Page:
Demographics behind apps reveal so much more than numbers
For many of us, associating things with people may be an unconscious process, but definitely not uncommon: newspapers to fathers, glasses to smart people, cooking to housewives, dark suits to professionals, or crowns to royals—the list goes on. The coefficients vary but this is how our mind works. We assign an image, number, color, or sound to someone, even to a group of people, say age, nationality, or gender. It may fall under the umbrella of Phantasia, or, as Aristotle once said, the human being’s capacity to produce images out or perceptual appearance.
In the context of mobile applications, such things exist as well. One could simply guess a phone’s real owner by simply looking at installed apps as clues. Having Neko Atsume installed says the person could be a gamer who loves cats. A person with Tinder could be single, and installing no social networking or chat apps may mean the person is an introvert. A Bloomberg app can suggest that an investor or a finance fiend could be its real owner.
Two experts have proven that this is possible, and they did a research on it. In a study conducted by Eric Malmi of Verto Analytics and Aalto University (Finland), together with the Ingmar Weber of Qatar Computing Research Institute, it was discovered that the apps installed on a mobile phone is enough to determine its real owner’s age, gender, income, and, rather surprisingly, marital status.
For this study, Malmi and Weber consulted 3,760 mobile phones installed with various types of applications, with a total of 8,840 apps. Only phones with apps that have been opened at least once in the last thirty days could be part of the study. Apps with less than ten users have been excluded from the study to discard all personally identifiable information.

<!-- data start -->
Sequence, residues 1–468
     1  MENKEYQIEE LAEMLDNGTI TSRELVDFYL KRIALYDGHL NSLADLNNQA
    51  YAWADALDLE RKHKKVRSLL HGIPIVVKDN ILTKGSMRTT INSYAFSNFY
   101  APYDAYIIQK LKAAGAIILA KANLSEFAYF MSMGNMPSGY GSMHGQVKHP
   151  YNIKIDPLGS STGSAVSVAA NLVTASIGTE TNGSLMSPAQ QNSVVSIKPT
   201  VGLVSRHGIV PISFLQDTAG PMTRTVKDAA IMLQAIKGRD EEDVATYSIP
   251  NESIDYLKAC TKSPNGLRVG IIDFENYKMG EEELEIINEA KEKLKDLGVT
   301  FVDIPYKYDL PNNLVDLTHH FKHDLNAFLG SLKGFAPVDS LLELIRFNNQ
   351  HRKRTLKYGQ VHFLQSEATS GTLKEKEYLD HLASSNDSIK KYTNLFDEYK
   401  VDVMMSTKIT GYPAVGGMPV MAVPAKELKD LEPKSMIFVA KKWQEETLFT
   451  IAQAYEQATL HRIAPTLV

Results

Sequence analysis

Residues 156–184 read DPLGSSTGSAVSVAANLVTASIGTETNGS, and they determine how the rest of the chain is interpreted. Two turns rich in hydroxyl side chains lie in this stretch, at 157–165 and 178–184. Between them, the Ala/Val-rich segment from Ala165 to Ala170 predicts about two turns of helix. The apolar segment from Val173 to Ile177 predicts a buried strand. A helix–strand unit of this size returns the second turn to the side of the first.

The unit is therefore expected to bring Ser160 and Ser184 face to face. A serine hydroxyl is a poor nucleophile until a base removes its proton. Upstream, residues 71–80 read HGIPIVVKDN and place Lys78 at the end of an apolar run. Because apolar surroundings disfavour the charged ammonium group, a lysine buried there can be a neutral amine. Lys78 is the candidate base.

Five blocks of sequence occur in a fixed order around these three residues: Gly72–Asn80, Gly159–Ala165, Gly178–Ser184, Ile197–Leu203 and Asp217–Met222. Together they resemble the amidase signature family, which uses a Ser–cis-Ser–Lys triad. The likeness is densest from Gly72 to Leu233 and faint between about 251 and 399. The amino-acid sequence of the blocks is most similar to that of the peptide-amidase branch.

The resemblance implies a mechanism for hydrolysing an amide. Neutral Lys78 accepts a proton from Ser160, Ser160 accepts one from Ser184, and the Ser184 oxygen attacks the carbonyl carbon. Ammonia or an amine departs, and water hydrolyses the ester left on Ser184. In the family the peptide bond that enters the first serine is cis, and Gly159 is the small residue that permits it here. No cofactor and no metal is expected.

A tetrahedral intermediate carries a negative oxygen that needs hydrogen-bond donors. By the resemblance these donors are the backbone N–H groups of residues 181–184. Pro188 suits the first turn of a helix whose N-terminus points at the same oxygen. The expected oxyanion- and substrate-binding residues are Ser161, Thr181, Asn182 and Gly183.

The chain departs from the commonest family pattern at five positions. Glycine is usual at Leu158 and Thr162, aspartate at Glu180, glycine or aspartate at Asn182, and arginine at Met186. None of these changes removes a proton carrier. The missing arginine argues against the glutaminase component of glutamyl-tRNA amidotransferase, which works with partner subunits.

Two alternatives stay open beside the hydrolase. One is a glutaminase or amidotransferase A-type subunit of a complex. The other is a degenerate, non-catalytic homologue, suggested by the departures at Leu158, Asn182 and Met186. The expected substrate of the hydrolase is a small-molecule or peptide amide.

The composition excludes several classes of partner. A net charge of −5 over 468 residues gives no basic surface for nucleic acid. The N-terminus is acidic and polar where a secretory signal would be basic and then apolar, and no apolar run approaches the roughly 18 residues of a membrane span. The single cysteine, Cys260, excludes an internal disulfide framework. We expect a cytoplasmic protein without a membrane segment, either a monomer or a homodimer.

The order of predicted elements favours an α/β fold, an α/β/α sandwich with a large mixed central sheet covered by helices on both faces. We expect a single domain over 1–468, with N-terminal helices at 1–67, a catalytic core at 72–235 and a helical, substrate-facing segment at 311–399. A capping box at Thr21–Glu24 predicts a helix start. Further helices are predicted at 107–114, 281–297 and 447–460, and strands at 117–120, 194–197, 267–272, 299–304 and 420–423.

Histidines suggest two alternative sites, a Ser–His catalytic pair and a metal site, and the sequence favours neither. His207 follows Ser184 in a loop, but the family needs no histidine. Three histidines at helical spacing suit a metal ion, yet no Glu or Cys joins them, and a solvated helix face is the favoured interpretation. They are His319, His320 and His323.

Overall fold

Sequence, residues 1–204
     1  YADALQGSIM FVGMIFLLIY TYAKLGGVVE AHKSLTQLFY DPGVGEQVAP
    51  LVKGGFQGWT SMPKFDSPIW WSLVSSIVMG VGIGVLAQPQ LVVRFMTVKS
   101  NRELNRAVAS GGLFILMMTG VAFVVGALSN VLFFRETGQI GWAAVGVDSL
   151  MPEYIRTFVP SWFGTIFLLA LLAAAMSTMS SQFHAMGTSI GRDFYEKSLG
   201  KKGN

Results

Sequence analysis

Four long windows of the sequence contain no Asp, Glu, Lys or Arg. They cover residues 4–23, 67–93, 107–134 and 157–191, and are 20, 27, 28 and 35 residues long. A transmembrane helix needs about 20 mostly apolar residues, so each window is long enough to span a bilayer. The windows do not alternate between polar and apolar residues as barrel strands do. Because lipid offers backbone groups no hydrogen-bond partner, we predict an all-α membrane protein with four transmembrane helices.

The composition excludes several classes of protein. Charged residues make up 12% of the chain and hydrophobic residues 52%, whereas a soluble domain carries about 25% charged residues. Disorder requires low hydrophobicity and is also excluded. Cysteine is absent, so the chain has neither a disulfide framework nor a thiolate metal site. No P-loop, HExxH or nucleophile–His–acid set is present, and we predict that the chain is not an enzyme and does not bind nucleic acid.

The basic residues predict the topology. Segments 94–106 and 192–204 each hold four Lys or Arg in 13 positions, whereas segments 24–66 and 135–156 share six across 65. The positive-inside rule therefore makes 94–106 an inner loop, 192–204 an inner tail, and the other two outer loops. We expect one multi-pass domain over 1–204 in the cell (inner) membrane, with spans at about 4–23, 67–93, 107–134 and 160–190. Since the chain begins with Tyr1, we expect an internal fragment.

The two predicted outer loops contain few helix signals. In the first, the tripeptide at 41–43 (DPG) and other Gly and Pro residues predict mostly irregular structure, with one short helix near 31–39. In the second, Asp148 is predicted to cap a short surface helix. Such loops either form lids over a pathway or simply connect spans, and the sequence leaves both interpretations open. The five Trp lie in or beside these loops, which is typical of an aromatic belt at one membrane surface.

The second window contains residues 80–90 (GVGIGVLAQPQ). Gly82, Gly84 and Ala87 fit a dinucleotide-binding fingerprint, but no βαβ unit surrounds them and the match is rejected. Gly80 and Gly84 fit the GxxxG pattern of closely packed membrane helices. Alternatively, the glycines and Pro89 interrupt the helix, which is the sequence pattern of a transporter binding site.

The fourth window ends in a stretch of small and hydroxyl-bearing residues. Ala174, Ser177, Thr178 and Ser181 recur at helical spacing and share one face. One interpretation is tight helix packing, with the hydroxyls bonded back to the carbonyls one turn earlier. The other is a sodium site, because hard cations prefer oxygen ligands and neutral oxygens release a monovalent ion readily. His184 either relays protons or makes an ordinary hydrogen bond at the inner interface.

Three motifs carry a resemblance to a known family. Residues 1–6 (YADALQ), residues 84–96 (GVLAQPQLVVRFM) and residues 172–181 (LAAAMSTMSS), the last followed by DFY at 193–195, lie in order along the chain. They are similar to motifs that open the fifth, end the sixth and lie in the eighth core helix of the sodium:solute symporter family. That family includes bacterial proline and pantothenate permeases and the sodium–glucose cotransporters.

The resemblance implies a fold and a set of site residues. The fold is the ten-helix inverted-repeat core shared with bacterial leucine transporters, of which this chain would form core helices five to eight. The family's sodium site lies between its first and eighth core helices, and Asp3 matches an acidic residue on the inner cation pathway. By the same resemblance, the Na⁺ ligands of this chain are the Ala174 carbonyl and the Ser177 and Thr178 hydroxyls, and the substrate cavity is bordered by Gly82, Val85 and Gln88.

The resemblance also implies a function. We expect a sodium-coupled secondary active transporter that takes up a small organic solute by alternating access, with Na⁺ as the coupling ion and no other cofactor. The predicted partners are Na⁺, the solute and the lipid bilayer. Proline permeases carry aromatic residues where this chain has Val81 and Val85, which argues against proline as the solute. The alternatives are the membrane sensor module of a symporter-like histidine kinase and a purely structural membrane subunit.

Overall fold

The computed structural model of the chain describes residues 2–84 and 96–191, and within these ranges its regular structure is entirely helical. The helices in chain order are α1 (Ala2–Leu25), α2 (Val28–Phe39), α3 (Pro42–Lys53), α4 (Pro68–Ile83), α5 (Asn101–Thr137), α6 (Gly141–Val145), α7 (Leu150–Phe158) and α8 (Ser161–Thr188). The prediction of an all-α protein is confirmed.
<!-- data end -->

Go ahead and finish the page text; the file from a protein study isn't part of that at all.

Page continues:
The results are pretty amazing.
For instance, the study revealed that if the phone has an ESPN app on it, there’s an 85 percent likelihood that its owner is male. Men between the ages of 33 and above are 73 percent likely to have Clash of Clans on their phone. Ninety-one (91) percent and 78 percent of unmarried men in the same age bracket also own Grindr and Tinder, respectively, which refute the unsung notion that dating apps are mostly used by women.
On the other hand, it said that if a phone has Etsy and Photo Grid on it then it could be owned by a woman. If one has Yelp, there is 61 percent possibility that it’s owned by a person whose annual income is above $50 thousand, and if it has SoundCloud the owner’s annual salary could be below $40 thousand. Married people also tend to depend highly on real estate and rental apps, while professionals would be the type who would install LinkedIn and Fitbit on their phones.
Great discoveries, which, according to Malmi and Weber, can help brands and future app developers to identify their target audience. This, in turn, will help them achieve a higher likelihood of being downloaded once it gets live on the app market as they will be encouraged to include demographics-focused features on their design.
“Understanding the demographics of app users is crucial, for example, for app developers, who wish to target their advertisements more effectively. Our work addresses this need by studying the predictability of user demographics based on the list of a user’s apps which is readily available to many app developers,” Malmi and Weber explained in the research.